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TOTAL REVENUE CURVE: A curve that graphically represents the relation between total revenue received by a firm for selling its output and the quantity of output sold. It is used with the firm's total cost curve to determine economic profit. The marginal revenue curve, a key factor for determining the profit-maximizing level of a firm's output, is derived directly from the total revenue curve. This curve is constructed to capture the relation between total revenue and the level of output, holding other variables constant.

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PRODUCT LIFE CYCLE:

The different stages that a product traverses over the course of its life from initial availability (birth) to eventual unavailability (death). The key stages are development, introduction, growth, maturity, saturation, and decline. The product life cycle, represented by an S-shaped curve, is an adaptation of the biological life cycle and is common to the study of marketing. It is also important in the analysis of innovation and economic instability. In addition to biological growth, comparable S-shaped life cycles are found in short-run production of a firm, the growth of a person's income, the acquisition of knowledge, and the development of a civilization.
The product life cycle is the basic stages that a product experiences over its life. One the product is developed or invented, it is introduced to the market. It then enters a period of rapid growth, followed by the maturity stage. This is followed by the peak of its market saturation, then subsequent decline. The decline stage might end with removal from the market or modification and reintroduction, which triggers another product life cycle.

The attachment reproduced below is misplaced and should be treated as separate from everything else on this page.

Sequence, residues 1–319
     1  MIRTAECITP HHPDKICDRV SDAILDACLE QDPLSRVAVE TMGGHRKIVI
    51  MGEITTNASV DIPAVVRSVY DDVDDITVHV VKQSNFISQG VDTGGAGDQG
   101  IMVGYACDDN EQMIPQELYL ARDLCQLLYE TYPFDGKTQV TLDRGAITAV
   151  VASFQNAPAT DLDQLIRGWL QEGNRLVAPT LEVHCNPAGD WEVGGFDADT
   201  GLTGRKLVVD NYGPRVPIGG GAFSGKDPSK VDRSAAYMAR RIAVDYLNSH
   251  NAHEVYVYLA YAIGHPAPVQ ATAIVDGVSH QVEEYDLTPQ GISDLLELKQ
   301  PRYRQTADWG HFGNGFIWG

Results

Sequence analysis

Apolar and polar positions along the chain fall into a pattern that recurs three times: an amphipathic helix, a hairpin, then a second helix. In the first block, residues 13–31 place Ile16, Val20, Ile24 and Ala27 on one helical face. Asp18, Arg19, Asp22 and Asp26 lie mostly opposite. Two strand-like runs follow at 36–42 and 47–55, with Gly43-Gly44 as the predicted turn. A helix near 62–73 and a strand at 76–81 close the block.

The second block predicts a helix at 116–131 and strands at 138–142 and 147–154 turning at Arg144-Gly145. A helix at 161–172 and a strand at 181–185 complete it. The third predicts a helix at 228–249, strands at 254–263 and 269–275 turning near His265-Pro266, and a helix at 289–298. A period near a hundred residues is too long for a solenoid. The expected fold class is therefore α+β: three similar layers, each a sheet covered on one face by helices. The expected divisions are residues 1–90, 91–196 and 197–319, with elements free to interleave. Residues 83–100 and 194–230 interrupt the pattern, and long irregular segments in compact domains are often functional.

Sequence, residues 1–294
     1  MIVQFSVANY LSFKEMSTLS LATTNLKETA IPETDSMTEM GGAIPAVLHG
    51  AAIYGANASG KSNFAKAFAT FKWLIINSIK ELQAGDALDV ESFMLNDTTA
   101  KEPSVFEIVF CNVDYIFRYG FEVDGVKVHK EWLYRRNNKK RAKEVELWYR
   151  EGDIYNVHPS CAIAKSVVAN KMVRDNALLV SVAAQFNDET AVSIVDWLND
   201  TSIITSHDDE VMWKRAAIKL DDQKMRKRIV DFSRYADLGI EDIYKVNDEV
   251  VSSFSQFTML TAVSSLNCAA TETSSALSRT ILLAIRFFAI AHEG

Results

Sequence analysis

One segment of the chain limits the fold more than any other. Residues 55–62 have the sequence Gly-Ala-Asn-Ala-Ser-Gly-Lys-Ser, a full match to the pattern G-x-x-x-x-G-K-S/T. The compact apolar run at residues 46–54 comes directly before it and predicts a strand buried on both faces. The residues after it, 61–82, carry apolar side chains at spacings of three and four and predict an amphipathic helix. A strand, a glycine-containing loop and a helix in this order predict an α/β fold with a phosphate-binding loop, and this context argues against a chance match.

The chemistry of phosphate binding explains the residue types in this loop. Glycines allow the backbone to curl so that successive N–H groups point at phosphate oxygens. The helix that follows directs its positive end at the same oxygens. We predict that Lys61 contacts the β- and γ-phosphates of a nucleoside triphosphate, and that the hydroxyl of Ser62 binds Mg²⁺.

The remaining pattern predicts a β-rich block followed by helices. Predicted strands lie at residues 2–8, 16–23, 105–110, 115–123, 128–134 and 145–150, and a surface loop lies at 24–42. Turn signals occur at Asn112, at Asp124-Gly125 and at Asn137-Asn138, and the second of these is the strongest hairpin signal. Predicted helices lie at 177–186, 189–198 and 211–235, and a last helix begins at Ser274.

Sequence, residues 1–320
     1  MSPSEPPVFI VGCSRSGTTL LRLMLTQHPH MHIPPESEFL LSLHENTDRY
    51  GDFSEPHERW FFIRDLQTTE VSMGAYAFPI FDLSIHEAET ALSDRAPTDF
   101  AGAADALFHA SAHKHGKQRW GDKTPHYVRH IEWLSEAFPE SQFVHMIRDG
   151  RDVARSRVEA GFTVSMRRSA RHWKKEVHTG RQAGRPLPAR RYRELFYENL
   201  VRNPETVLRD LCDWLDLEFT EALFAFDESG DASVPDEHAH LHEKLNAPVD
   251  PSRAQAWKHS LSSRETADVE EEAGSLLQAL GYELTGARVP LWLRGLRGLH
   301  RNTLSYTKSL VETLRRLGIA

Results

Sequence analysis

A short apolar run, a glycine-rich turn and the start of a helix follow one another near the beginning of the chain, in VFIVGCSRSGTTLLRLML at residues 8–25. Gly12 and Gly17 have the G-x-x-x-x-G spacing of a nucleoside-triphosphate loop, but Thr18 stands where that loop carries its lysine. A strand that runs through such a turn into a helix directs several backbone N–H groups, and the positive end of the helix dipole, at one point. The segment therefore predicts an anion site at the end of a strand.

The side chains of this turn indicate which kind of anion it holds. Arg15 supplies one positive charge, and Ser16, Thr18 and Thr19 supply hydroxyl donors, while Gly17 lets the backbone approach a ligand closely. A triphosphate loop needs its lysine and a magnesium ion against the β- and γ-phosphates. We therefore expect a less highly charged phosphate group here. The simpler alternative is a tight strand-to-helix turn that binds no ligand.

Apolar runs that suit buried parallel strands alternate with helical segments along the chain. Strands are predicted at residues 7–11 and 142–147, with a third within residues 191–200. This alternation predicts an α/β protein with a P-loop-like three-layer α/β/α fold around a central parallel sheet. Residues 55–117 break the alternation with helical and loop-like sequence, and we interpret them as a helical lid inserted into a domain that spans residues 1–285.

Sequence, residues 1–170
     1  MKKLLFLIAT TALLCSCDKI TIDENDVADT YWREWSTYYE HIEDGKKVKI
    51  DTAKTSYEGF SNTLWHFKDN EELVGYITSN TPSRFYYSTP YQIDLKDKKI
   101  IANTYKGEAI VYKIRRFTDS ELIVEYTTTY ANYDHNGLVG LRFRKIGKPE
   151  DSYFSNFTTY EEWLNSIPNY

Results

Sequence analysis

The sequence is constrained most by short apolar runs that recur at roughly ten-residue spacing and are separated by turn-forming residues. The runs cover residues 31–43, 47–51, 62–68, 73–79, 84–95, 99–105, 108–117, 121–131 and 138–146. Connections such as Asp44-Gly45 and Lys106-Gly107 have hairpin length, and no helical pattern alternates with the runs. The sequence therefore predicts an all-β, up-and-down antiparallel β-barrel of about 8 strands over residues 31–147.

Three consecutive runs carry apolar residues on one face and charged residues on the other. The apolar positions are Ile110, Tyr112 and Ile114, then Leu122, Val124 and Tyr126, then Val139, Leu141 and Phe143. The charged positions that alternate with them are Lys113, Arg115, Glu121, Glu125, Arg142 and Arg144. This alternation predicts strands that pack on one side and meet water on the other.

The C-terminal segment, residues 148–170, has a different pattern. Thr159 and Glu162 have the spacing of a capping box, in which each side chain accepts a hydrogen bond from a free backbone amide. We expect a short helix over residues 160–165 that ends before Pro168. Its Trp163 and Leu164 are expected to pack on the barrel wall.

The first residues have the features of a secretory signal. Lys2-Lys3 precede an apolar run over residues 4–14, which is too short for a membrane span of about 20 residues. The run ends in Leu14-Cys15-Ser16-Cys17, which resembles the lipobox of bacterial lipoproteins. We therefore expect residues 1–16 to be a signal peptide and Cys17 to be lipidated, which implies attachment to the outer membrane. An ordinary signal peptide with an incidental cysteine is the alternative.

The study of marketing takes a keen interest in the product life cycle as different marketing techniques are needed during each of the stages. The product life cycle is also important to the study of innovations, especially the difference between invention and innovation, the roles of entrepreneurial and managerial behavior. The evolution of market structures and the transition between monopoly, oligopoly, and monopolistic competition is also based on movement through the product life cycle.

Life Cycle Stages

The product life cycle includes six stages -- development, introduction, growth, maturity, saturation, and decline.
  • Development: The product life cycle begins with creation of the product, the act of invention. Development might be undertaken by a profit-seeking business, a government agency, a university, or someone working in their basement. This stage might be short, it might be long. A newly invented product might languish in a lab, closet, back room, or garage for years before moving into the next stage. This stage might not end, the product might never enter the next stage of the product life cycle. In this stage there are no benefits, only costs.